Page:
Bonnie Henry

Ron Medvescek/Arizona Daily Star

Ate some organic strawberries the other day for dessert. Delicious. But it still left me craving for something else to follow up the meal. Naturally, I reached for a cigarette.

Oh, but this wasn’t just any cigarette, mind you. Nope, this one happened to be a Natural American Spirit cigarette, “made with organic tobacco, grown on American soil,” containing, “100 percent additive-free natural tobacco.” No word yet on whether it’s also gluten-free. If not, I’m sure they’re working on that.

Disclaimer here: No, of course I didn’t actually smoke a cigarette. Fact is, I’ve never smoked in my life — a decision I credit less to good sense than to the fact that every time I tried a puff, it left me dizzy and somewhat nauseated.

Still, I grew up in an era when everyone and his uncle seemed to carry a pack of Camels, “Luckies,” or Marlboros in their left front shirt pockets. My dad, who got hooked on cigarettes when he was 13, smoked the Winston brand just about all of his adult life. He finally quit for good in 1999 but the damage was done. Lung cancer took him seven years later.

I’m sure he would have scoffed at the thought of organic “additive-free natural tobacco.” And to be fair, the full-page ad that caught my eye in a recent Time magazine does carry disclaimers that “Organic tobacco does NOT mean a safer cigarette,” and “No additives in our tobacco does NOT mean a safer cigarette.”

So why bother?

Well, from perusing various blogs and articles on the subject, the consensus that I drew seems to be: Hey, if you’re a socially and environmentally conscious individual (being vegan is almost a given) who just happens to be hooked on something that pollutes your lungs every time you inhale and pollutes the atmosphere every time you exhale, you might as well go organic – at least while you’re still breathing.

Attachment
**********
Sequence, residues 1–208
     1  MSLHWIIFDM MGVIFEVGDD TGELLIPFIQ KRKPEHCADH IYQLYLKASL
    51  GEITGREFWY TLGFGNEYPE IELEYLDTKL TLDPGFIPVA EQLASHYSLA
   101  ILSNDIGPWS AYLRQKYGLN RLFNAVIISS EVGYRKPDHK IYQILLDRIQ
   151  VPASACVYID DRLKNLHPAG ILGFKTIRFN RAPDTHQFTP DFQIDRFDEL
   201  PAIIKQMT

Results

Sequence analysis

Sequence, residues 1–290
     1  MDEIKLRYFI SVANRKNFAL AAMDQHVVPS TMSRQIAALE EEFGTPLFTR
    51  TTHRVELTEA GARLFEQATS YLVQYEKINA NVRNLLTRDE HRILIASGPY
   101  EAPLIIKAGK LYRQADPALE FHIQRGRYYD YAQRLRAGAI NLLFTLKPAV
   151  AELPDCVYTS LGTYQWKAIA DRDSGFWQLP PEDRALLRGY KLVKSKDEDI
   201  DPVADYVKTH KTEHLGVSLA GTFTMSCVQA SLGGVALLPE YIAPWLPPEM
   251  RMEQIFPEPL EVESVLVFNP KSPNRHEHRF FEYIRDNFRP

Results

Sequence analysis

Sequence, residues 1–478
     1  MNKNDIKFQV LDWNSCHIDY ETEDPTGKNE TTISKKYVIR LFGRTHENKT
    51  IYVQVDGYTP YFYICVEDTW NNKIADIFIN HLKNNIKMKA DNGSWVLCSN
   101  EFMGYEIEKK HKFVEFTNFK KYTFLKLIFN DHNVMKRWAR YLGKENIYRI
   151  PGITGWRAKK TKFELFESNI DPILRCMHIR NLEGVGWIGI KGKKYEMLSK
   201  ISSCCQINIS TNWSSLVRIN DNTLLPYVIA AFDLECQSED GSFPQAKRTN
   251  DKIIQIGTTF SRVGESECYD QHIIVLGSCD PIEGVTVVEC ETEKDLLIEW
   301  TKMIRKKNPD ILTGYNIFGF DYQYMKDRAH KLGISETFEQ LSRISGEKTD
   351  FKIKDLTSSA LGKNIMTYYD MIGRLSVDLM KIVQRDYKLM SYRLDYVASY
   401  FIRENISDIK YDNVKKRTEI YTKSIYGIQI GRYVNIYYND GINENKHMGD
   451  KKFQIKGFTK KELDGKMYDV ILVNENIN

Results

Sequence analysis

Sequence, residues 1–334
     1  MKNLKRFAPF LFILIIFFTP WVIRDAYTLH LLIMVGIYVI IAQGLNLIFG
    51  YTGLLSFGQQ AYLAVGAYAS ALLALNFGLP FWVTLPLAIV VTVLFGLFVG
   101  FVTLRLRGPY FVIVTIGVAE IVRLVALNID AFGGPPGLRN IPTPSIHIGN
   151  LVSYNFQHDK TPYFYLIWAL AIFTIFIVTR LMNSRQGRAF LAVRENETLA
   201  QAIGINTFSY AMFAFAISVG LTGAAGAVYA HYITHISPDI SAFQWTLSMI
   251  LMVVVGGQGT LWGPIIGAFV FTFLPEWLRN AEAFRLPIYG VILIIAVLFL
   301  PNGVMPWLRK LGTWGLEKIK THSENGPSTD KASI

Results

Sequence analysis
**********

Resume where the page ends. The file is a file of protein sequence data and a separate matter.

And believe me, the Santa Fe Natural Tobacco Co. — which produces Natural American Spirit cigarettes — spins its product in such an environmentally friendly way that you’d swear they were sold in health food stores.

Turns out, the company, which began in a Santa Fe rail yard in 1982 and was acquired by R.J. Reynolds in 2001, did sell its cigarettes out of health food stores back in the 1990s, according to a 1997 Chicago Tribune article.

Whether that’s still the case, I have no idea. But if you scroll through Santa Fe Natural Tobacco Co.’s website, you’ll find just about all that’s missing is an endorsement from Walden Pond’s Henry David Thoreau.

According to the website, the company:

  • Recycles 6 to 10 tons of tobacco dust each month into commercial grade compost, diverting it from landfills.
  • As of 2012, replaced 82 percent of its national sales fleet with hybrid vehicles.
  • Substituted its cigarettes’ foil pack liner with a “new, more environmentally friendly paper inner liner,” thus eliminating the need for the aluminum mined to make foil in favor of paper made from “trees grown in North America under certified sustainable forestry programs.”
  • Cautions customers not to throw its cigarette butts hither and yon. (Apparently the company has yet to find a way to go green on butts.)

Then again, if you truly want to do the right thing, environmentally speaking, while cleansing the air and your lungs at the same time, you could always just say no to cigarettes — organic or otherwise.

Bonnie Henry’s column runs every other Sunday. Contact her at